Sebastian Vettel, Ferrari, Hockenheimring, 2018

Rosberg: Too much self-confidence behind Vettel’s mistakes

2018 F1 season

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Nico Rosberg says Sebastian Vettel’s championship bid has faltered due to his mistakes and Ferrari’s reluctance to use team orders.

Vettel can only win the championship if he wins all three remaining races with Lewis Hamilton scoring no more than four points.

Rosberg, who beat Hamilton to the 2016 world championship before retiring, told the official F1 website Vettel’s championship bid “hasn’t gone very well for him.”

“It’s all about consistency and he’s done the opposite. He’s been all over the place, really, in the last couple of months. Him and the team both together. It’s been so one-sided since the summer it’s unbelievable.

“It was seemingly going to be Vettel who would take the championship and it’s just gone completely one direction, been total dominance, since. And just as a result of mistakes. And you’re never going to beat Lewis like that because Lewis doesn’t make mistakes. Very few.”

Vettel suffered costly spins early in the races at Monza, Suzuka and the Circuit of the Americas after clashes with three different rivals. Rosberg said this showed Vettel was too reluctant to back down.

“It’s difficult to understand because you have to remember he’s a four-times world champion who’s done incredible performances. So I’m not really sure.

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“For me sometimes he wants too much in the moment always and can’t think about the long game. He’s also a little bit too self-confident sometimes. Which means he doesn’t accept when someone else has, in that moment, maybe done a better job. You need to kind of accept, take a step back, [say] ‘yep, the other guy’s better in this moment and I’ll get him back again a little but further down the road’.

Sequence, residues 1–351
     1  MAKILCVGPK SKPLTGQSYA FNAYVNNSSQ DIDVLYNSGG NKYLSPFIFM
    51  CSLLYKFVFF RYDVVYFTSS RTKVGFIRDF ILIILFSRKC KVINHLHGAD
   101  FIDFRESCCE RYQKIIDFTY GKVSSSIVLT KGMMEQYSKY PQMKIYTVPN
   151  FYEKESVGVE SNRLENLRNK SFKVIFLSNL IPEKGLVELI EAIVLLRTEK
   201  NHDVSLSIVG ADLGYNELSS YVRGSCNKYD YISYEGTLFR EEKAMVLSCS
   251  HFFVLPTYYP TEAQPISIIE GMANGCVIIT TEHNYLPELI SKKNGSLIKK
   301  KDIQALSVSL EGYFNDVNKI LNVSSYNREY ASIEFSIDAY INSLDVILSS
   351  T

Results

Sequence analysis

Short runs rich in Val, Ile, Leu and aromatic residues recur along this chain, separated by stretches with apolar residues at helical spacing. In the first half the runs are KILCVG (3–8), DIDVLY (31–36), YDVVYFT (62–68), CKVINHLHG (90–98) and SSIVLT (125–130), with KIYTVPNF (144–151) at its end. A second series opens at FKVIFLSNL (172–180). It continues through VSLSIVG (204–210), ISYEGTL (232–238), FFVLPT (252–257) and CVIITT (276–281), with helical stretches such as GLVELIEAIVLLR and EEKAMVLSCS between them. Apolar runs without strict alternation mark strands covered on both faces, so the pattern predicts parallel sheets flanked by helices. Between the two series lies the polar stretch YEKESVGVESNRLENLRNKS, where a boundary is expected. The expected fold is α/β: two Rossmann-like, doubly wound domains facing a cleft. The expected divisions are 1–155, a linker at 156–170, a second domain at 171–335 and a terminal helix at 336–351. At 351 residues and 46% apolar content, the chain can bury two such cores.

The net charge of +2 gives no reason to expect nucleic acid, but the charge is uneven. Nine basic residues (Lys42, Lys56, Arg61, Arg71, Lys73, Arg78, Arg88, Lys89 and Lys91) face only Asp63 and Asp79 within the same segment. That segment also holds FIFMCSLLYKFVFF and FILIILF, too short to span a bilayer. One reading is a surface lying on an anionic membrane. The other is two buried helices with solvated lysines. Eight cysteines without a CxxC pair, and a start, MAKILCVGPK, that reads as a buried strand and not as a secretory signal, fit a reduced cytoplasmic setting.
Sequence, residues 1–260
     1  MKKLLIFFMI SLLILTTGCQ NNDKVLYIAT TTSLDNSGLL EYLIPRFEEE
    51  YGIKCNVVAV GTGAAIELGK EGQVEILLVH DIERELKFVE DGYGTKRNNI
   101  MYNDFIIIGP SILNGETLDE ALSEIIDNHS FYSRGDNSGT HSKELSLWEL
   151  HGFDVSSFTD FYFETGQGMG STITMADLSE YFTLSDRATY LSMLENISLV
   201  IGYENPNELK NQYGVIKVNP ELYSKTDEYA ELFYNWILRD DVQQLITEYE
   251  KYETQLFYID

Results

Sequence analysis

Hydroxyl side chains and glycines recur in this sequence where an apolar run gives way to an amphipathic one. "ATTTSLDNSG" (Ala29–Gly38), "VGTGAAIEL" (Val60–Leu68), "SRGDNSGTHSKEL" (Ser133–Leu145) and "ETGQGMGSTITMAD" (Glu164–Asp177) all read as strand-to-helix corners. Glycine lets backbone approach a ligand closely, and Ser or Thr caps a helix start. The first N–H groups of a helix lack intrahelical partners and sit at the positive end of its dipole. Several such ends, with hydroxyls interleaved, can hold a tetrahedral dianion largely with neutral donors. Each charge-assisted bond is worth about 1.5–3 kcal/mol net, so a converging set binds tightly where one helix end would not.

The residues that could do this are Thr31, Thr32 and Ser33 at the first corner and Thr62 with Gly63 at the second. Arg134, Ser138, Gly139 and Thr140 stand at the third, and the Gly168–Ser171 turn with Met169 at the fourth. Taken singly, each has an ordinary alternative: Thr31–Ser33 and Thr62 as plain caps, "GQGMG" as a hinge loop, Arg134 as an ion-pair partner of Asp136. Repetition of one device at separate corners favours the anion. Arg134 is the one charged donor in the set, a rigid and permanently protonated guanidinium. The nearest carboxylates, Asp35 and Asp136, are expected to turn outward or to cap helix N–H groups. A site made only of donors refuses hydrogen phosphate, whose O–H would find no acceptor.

“Somehow there’s a little bit of that in there. But it’s a strange one. I’m sure he can do a lot better than he’s done in the last couple of months because he is one of the best drivers out there but he has not been showing that in recent months.”

Rosberg added it seemed “really strange” to him that Ferrari didn’t use team orders to help Vettel at Suzuka when Mercedes had done so one week earlier in Russia to help Hamilton.

“Kimi [was] fifth, Sebastian sixth. Why the hell didn’t they swap? This is the championship fight, needing every single point out there to somehow keep this thing alive, why didn’t they swap?

“Seriously, I was wondering what on earth is going wrong, what is the reason, it’s fifth and sixth place, swap the damn cars around. After all we’ve seen from Mercedes, and give Sebastian two points extra. Two points, he needs those. Like, crazy. Who’s going to explain that to me?

“That I don’t understand at all. But that is maybe a little indication of a bigger problem and that maybe has unsettled Sebastian and doesn’t understand why he doesn’t get more support.”

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Keith Collantine
Lifelong motor sport fan Keith set up RaceFans in 2005 - when it was originally called F1 Fanatic. Having previously worked as a motoring...

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14 comments on “Rosberg: Too much self-confidence behind Vettel’s mistakes”

  1. Another “UPS” moment sponsored by DHL